What to Do if You Think You Are a Victim of Tax Identity Theft


Tax-related identity theft happens when a criminal uses your Social Security number to file a tax return claiming a fraudulent refund. You may find out about the fraud when your e-filing is rejected because someone already filed a return using your Social Security number. Or, you may receive a letter from the IRS stating that they flagged a suspicious return using your information. So the question is, if you suspect that you’re a victim of tax-related identity theft—what do you do?

Report Tax Fraud Online at IdentityTheft.gov

If you believe you are a victim of tax-related ID theft, your first step should be filing a complaint at IdentityTheft.gov, according to the Internal Revenue Service (IRS) and Federal Trade Commission (FTC).

In 2018, the IRS and FTC teamed up to enable victims to more easily report tax-related identity theft. IdentityTheft.gov provides an online tool that walks you through a series of questions in order to fill out both the Identity Theft Report needed for the FTC and the Form 14039 Identity Theft Affidavit needed for the IRS. The website also provides a personalized identity theft recovery plan based on the information you enter.

The FTC recommends downloading a copy of the report for your own records. After approximately 30 days, you should receive a letter from the IRS confirming receipt of your report.

Yes, You Still Have to File and Pay Your Taxes

It’s important to note that reporting suspected tax identity theft to the IRS and FTC does NOT eliminate the need to pay your taxes. If your e-filing was rejected, you will still need to mail your return to the IRS and pay any taxes you owe.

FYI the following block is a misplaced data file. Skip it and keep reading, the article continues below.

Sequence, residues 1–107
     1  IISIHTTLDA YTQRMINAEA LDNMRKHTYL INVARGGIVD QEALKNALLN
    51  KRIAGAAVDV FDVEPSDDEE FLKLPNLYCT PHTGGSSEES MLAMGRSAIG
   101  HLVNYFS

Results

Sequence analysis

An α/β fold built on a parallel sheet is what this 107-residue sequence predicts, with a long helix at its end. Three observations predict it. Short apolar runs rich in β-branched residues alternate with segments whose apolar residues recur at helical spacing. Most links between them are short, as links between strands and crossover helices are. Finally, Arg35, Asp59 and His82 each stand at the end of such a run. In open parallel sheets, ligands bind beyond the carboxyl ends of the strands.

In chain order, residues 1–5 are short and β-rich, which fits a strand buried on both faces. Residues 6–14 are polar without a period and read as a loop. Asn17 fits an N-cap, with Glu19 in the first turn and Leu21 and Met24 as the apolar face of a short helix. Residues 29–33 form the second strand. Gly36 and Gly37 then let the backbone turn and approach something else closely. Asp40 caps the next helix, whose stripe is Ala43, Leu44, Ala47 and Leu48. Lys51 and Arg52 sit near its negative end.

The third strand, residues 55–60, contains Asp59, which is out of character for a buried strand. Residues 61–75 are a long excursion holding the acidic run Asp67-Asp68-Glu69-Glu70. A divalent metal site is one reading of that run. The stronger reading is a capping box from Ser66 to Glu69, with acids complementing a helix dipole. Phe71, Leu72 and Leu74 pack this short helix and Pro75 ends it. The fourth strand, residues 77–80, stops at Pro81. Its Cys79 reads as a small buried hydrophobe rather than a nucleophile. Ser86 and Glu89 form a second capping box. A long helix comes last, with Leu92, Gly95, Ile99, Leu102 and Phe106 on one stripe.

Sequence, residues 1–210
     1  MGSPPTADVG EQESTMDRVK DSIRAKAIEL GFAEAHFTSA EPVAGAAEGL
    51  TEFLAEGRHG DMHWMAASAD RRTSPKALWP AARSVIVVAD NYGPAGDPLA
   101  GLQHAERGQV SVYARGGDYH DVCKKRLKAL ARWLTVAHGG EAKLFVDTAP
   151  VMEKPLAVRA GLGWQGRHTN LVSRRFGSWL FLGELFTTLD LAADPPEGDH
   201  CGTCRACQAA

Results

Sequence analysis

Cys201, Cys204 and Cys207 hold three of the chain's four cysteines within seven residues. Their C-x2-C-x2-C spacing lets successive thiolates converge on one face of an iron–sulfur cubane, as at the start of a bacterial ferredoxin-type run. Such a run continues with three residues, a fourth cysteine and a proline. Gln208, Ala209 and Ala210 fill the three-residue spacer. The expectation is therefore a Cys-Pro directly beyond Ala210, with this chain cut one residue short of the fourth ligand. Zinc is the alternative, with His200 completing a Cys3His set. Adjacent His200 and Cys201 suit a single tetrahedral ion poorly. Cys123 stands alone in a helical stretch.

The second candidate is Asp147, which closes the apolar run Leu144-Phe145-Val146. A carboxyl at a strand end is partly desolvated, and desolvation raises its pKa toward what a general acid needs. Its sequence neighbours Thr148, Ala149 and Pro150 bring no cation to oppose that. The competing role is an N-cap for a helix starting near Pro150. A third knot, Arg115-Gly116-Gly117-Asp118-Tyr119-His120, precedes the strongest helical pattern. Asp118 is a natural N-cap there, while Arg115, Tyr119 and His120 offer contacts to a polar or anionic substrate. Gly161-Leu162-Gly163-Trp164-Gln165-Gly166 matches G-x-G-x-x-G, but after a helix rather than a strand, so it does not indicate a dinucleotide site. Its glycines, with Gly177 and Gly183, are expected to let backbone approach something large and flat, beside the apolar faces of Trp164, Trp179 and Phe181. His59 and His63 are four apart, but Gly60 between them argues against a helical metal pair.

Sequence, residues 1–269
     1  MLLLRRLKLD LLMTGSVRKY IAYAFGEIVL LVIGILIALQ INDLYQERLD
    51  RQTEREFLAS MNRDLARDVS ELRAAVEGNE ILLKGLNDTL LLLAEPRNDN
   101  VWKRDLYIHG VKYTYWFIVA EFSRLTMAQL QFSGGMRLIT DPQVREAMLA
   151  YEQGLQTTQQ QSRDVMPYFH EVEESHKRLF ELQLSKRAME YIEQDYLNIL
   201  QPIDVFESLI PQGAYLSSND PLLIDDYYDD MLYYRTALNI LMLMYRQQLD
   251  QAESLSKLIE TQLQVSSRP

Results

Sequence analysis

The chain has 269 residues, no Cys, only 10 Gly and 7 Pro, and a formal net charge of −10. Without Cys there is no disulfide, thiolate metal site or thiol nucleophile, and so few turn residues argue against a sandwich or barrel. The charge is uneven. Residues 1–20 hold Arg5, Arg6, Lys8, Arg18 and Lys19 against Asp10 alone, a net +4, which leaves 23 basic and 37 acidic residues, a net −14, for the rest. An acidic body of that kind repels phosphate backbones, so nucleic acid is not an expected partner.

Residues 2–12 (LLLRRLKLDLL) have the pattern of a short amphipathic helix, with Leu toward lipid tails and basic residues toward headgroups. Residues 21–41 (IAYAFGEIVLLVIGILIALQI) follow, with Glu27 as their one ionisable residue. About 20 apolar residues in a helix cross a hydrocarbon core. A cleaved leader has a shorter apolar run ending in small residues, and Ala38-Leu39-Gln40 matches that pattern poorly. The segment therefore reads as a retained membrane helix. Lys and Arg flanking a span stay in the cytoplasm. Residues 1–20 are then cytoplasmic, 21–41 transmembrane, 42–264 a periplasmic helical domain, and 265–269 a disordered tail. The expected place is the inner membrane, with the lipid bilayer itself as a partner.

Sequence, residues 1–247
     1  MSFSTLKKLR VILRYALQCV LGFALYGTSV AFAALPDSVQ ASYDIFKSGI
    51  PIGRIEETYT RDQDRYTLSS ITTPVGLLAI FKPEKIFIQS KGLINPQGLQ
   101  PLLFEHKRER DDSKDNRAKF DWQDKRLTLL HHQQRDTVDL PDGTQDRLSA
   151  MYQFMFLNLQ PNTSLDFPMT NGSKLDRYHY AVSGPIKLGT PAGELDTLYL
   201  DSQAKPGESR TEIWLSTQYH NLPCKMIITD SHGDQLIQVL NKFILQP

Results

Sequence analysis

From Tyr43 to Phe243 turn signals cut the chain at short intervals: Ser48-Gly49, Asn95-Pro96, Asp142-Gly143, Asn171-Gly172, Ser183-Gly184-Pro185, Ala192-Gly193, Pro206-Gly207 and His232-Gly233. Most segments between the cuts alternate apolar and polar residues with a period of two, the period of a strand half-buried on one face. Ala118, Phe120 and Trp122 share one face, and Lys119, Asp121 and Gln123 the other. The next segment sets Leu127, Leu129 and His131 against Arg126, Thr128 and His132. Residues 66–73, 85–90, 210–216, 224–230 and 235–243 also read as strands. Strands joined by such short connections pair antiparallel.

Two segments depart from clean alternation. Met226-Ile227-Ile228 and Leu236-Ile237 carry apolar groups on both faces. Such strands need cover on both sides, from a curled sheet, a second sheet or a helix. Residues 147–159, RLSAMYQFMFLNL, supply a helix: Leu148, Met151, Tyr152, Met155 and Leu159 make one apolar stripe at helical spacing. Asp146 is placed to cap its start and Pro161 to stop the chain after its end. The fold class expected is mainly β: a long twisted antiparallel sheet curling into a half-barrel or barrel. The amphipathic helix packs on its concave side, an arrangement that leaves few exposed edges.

Learn (a Little) About the Suspected Thief

It may be possible to glean some information about the thief by requesting a copy of the fraudulent return from the IRS.

You may be able to receive a redacted copy (one with certain information blacked-out) of the fraudulent return if your name and Social Security number were listed as either the primary or secondary taxpayer. A redacted return may only show, for example, the first four letters of the last name of the taxpayers on the fraudulent return. According to the IRS, the remaining information should be able to help you determine what details the thief may have about you and your family.

Since identity theft often requires access to personal information, keep in mind that the perpetrator could be a family member, friend, or caregiver.

For more information, the IRS provides a Taxpayer Guide to Identity Theft.

Read more on IDWatchdog.com

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